If you notice that your gums often bleed while brushing or flossing, it’s a good sign that you may have plaque or tartar building up on your teeth near — and possibly under — the gum line. If this is the case, it’s time to up the ante on your oral hygiene practices. Are you brushing at least twice a day and flossing at least once daily? Are you following your oral hygiene routine with a mouth rinse that is approved by the American Dental Association? If you strengthen your oral hygiene practices, chances are high that you’ll be able to correct a minor case of gum disease, also called gingivitis.
Most Americans will experience some level of gum disease in their lives; in fact, it’s the leading cause of tooth loss among adults besides wisdom teeth being pulled. Caused by a buildup of plaque and tartar, gum disease grows in stages, starting as gingivitis and, if left untreated, evolving into advanced gum disease, or periodontitis.
If you notice your gums are bleeding while you brush or floss, strengthen your oral hygiene habits. If the bleeding persists, and especially if it worsens and/or is accompanied by irritated, red or swollen gums, it’s time to make an appointment with our Raleigh periodontists at Triangle Periodontics.
Let’s take an up-close look today at when it’s time to be concerned that bleeding gums could be gum disease — and what to do about it:
What are the signs/symptoms of gum disease?
- Red, swollen and/or receding gums
- Gums that bleed during and after brushing teeth
- Persistent bad breath
- Changes in the way the teeth fit when biting down
- Gums pulling away from teeth
- Loose or shifting teeth
What causes gum disease?
Gum disease starts similarly to a cavity and can usually be blamed on poor oral hygiene. Saliva and tooth surfaces host normal bacteria in the mouth that feed on the food and beverages you consume, including any food particles that might remain between teeth after eating if they aren’t properly brushed or flossed out. This eventually turns into a build-up of plaque and tartar, which attracts even more bacteria. Brushing twice a day and flossing once is usually enough to stave off plaque and tartar buildup that leads to gum disease. Dental visits twice a year help address the harder-to-reach areas that brushing and flossing may miss.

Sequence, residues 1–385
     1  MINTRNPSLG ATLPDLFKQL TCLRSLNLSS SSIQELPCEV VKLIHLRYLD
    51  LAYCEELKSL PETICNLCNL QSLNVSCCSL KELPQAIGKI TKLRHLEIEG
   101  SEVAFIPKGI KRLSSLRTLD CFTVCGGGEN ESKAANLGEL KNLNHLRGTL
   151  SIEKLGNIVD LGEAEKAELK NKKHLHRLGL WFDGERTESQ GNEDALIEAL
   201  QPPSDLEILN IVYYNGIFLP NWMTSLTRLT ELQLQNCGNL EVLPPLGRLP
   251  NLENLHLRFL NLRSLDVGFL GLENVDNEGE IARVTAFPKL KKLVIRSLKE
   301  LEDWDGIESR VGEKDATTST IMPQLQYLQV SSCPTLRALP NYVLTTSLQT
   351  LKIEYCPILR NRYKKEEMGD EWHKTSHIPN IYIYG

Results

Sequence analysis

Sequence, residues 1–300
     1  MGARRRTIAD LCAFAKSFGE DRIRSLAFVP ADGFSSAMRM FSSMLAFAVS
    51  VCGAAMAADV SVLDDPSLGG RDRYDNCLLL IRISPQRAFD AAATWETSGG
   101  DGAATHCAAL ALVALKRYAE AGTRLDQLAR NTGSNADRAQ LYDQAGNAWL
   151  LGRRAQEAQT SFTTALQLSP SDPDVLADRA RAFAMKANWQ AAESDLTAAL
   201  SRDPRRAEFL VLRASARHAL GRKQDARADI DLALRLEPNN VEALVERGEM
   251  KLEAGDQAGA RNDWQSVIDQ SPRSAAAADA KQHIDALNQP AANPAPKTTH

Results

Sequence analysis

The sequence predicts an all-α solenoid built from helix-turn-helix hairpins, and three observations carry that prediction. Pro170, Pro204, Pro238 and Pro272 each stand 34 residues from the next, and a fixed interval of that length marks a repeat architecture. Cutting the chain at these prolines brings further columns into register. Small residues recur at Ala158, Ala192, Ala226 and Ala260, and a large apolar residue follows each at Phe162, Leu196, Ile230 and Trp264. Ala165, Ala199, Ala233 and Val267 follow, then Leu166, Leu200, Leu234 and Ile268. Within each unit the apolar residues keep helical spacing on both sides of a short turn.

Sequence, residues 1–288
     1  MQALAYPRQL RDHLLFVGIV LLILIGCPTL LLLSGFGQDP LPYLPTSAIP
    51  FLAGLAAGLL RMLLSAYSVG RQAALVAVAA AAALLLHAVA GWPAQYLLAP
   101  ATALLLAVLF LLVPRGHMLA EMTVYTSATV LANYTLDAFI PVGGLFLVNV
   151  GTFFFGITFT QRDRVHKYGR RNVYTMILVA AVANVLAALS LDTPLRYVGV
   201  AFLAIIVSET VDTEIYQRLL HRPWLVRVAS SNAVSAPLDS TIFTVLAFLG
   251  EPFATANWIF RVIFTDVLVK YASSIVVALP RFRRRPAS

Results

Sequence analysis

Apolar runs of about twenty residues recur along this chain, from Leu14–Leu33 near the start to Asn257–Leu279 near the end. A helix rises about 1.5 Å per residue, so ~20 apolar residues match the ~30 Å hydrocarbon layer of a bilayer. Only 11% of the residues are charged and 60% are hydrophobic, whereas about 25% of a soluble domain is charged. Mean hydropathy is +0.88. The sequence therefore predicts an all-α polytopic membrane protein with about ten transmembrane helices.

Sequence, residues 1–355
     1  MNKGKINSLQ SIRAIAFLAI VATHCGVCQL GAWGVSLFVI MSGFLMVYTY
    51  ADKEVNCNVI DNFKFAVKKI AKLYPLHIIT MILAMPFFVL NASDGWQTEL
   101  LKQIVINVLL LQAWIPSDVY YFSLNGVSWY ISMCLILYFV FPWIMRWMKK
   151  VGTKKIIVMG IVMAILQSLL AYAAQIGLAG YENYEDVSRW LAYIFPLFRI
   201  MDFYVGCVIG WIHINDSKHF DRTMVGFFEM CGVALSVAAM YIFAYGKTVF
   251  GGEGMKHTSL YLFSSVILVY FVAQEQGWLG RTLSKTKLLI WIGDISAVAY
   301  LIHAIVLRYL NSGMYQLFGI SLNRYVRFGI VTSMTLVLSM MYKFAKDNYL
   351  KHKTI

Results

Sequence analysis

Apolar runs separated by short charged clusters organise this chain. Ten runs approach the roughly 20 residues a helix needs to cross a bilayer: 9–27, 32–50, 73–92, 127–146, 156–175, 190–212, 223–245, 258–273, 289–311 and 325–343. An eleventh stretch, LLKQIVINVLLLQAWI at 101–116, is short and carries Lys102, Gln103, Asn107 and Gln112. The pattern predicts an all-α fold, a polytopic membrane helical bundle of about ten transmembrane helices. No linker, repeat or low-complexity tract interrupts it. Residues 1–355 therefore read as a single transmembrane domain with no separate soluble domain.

Without those preventative measures, however, bacteria will continue feeding and growing, creating pockets and channels that allow the bacteria to travel further down the tooth’s surface. This is how gum disease worsens, eventually causing the gums to start receding. This paves the way for the bacteria to cover the entire surface of the tooth and reach its root pocket, causing infections that weaken the tooth’s roots, ultimately leading to tooth loss.
How is gum disease treated?
How gum disease is treated depends on its severity.
- Gingivitis — Gum disease that is caught in its early stages is called gingivitis. Sometimes, gingivitis can be reversed simply by strengthening oral hygiene practices, including routine brushing and flossing and staying on track with regular checkups with our Cary-area periodontists.
- Periodontal Disease — Gingivitis that is untreated will eventually turn into periodontal disease, which carries far more serious consequences, including tooth loss. Periodontal disease and more serious cases of gingivitis almost always require a dental deep cleaning in which our Apex periodontists use special instruments and techniques to gently scrape away bacteria, plaque and tartar deposits on the lower surfaces of teeth down to the roots. This procedure, oftentimes requiring more than one appointment, helps clean plaque and tartar above and below the gum line, effectively stopping the advancement of gum disease and the possibility of tooth loss.
Gum Disease Treatment in Cary, Apex, and Raleigh, North Carolina
If you need anything from a regular dental checkup/cleaning to treatment for gum disease, our Raleigh periodontists at Triangle Periodontics are attentive and knowledgeable and always employ leading-edge technology to provide accurate diagnoses and treatments. If you notice bleeding gums, inflammation, or redness, Triangle Periodontics encourages you to call us at (919) 782-9536, or contact us online to schedule a consultation today.